10/8 - Harlem River, Manhattan: Obed Fulcar and his students from MS 319 - part of the Sherman Creek Project - spent the afternoon exploring the precious wetlands of Sherman Creek and Swindler Cove on the Manhattan shore of the Harlem River. Students pulling core samples of the rich organic mud flats, found 3 species of crabs (mud crab, Asian shore crab, and blue crab) among the rocks, and seined up silversides and mummichogs from the shallows. Obed fascinated us with stories of wildlife "in the hood", including muskrats, raccoons and herons. As we sampled, a red-tailed hawk cruised by with a small animal grasped in its talons.
- Chris Bowser, Steve Stanne

10/8 - The Narrows, Staten Island: Before the students from IS 27 arrived at Fort Wadsworth, I spotted a flock of two dozen brant headed southward with the wind at their tails. Later, two peregrine falcons squabbled under the nearby Verrazano Bridge. Also passing under the bridge was the ship carrying the Dutch sloops home from the Quadricentennial celebrations on the river. The strong north wind confused students trying to determine which way the tidal current was moving. Waves were parading southward, and driftwood thrown in to track the current was blown south, making it appear that the current was ebbing toward the sea. But then we persuaded a teacher to give up an apple for science, and tossed it in. With most of its mass floating below the surface, and just a tiny bit exposed to the wind, the red fruit paraded north on the flood current, moving against the wind and waves.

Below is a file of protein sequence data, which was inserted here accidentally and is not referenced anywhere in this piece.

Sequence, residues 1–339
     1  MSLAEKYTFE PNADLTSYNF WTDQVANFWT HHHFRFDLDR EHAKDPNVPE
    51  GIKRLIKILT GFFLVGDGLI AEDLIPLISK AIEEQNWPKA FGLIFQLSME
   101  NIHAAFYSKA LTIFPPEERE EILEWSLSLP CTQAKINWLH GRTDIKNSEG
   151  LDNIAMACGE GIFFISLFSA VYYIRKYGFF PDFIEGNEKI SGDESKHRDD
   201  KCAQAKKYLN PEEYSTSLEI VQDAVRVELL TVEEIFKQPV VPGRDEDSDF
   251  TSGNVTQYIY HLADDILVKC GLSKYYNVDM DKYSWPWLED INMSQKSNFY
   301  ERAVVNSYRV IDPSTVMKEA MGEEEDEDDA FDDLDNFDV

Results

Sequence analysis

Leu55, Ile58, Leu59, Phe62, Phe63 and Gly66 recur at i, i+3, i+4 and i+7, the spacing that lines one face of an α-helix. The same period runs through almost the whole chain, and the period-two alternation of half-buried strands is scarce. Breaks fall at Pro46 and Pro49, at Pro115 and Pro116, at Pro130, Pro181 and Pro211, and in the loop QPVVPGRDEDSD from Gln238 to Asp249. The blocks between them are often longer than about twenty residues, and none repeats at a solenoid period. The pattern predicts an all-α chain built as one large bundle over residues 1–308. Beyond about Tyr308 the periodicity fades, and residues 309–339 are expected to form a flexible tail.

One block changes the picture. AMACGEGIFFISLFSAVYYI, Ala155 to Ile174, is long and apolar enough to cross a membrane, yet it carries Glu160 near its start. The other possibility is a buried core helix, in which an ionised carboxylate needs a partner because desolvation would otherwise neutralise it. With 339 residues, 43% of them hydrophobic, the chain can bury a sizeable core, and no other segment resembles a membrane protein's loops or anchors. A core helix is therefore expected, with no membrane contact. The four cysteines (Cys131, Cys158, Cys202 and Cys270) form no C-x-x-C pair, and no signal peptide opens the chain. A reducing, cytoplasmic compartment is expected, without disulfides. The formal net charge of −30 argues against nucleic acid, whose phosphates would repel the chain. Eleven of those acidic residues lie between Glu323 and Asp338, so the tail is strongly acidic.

- Steve Stanne

10/8 - Brighton Beach, Brooklyn: While students from Brooklyn's International High School focused on their Day in the Life tasks, a common loon fished just offshore and two northern harriers migrated above the beach. Our seine captured two northern kingfish along with 80+ Atlantic silversides.
- Steve Stanne

10/8 - Breezy Point, Queens: For our Day in the Life of the River at its outermost limits, we caught about 150 Atlantic silversides and 3 young-of-the-year bluefish. The later were no surprise except that they were no more than two inches long, about the size we see in the Hudson River in June. The students from Louis Armstrong Middle School also collected 30-50 moon jellyfish, the largest of which was six inches in diameter. The salinity was about 32.6 ppt.
- Steve Stanne

[According to Dr. John Waldman of Queens College, there usually are distinct spring and summer spawned cohorts of young bluefish. The spring group dominates up estuaries like the Hudson, and the summer group along the coast. The young born later in summer would be smaller now; the tiny bluefish at Breezy Point were most likely from that group. Bluefish caught up the Hudson on Day in the Life were larger - around six inches long. Steve Stanne.]

ABOUT A DAY IN THE LIFE OF THE HUDSON RIVER


A Day in the Life of the Hudson River is organized by DEC's Hudson River Estuary Program, with assistance from the Lamont-Doherty Earth Observatory of Columbia University. The event is held in conjunction with National Estuaries Day, which celebrates these remarkably productive and valuable ecosystems. Many environmental education centers along the river join in the effort, partnering with classroom teachers to help students better understand their local piece of the Hudson and then share their experiences and data to gain wider perspective on the entire ecosystem. For more information visit the Day in the Life of the Hudson page.